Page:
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Wednesday, September 21, 2005

George Psalmanazar

Travel books were very popular in seventeenth- and eighteenth-century Britain. The readers who bought Equiano's and Sancho's narratives were probably already familiar with tales of Africa and other parts of the world. Unlike today when we expect the writer to have actually been to the places he or she described it was normal in those days for accounts to include sections of previous travel books. To us it seems like cheating, but for them it was merely a way to make a book more informative. Some writers however were out and out frauds. These include George Psalmanazar who went about early eighteenth-century England claiming to be Taiwanese. He was in fact born into a poor gentry family in the south of France in 1679. He first began to pretend to be Asian when making a tour of northern Germany and the Netherlands. He needed money so he told people that he was a Japanese convert to Christianity. George then joined the army in Germany, now pretending to be from Formosa*, which he said was dependent on Japan. It was at this point that he met a British chaplain who saw through his fraud but allowed him to be sent to Oxford where it was intended that he should teach Formosan to Christian missionaries. In 1704 George became very famous when he published An Historical and Geographical Description of Formosa. His fantastical inventions raised suspicions among educated people, including his claim that the Formosans' religion required them to make an annual sacrifice of 18,000 boys under the age of nine. (I should think the island would have been depopulated if that had really been the case!) He also wrote that Formosan men ate their ex-wives. He was finally caught out when he met a French Jesuit who had spent time in China.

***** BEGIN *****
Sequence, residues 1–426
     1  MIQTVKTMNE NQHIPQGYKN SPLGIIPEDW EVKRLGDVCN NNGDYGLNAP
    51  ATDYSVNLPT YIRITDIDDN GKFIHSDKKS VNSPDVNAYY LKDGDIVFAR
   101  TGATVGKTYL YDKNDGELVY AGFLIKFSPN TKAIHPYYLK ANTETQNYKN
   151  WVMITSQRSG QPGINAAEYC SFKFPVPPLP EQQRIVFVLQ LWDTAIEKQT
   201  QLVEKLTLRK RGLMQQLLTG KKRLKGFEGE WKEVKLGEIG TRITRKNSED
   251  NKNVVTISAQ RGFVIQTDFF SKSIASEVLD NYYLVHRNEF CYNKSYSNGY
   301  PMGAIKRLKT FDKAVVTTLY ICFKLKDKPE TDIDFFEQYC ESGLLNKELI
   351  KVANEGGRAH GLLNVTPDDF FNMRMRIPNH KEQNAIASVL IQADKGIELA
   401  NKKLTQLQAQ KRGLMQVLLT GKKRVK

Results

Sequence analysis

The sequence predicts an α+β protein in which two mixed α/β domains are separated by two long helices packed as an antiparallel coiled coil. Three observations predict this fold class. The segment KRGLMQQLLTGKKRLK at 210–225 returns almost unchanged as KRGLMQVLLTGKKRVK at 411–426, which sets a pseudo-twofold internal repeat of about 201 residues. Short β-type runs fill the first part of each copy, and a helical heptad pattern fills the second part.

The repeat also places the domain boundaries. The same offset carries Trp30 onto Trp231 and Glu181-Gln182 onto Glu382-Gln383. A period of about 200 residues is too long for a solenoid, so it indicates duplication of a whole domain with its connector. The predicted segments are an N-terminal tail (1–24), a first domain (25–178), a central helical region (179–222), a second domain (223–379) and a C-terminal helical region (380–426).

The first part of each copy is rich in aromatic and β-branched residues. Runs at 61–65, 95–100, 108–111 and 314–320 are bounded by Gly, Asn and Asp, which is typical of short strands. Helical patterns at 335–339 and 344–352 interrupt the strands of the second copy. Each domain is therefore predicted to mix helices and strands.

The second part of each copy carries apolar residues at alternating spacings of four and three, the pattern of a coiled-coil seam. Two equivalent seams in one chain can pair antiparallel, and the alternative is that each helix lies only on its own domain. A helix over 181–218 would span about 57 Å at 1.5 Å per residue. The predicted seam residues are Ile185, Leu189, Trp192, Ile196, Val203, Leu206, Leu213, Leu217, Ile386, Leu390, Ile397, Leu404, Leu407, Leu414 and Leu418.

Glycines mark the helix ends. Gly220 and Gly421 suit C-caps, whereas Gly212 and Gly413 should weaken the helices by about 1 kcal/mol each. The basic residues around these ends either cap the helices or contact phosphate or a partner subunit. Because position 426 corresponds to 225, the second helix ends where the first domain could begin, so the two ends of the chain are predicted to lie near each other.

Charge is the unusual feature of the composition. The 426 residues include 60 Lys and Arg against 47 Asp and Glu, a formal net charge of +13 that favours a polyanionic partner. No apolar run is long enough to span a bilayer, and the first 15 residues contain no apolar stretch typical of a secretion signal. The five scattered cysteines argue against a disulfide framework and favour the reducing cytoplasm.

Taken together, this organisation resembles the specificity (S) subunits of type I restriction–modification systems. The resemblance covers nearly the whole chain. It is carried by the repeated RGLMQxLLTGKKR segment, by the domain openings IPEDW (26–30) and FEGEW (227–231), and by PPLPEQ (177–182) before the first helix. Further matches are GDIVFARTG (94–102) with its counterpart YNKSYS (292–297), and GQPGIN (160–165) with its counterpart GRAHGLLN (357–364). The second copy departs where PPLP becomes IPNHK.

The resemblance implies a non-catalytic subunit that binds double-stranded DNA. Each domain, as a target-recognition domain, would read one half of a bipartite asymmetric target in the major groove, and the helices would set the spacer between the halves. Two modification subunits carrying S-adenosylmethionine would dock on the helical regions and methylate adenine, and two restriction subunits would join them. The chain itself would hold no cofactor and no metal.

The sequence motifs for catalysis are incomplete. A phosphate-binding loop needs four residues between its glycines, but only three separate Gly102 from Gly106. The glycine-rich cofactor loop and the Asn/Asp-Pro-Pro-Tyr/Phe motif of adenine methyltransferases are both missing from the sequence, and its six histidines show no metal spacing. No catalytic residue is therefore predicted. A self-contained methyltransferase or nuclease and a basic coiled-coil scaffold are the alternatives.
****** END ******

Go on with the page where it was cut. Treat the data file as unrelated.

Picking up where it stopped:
In the end George came clean. He spent the rest of life taking odd jobs such as tutoring and fan painting. He also worked with early journalists and contributed to books on subjects as diverse as printing and geography. He was very religious in his later years and died in 1763.

* Formosa is the old name for Taiwan. (source: DNB Look at this!!! The Oxford Dictionary of National Biography is celebrating its first birthday with three days' free online access from 23 to 25 September 2005. Everyone will be able to access the full Oxford DNB and its 55,000 biographies of the men and women who have shaped the history of Britain. )


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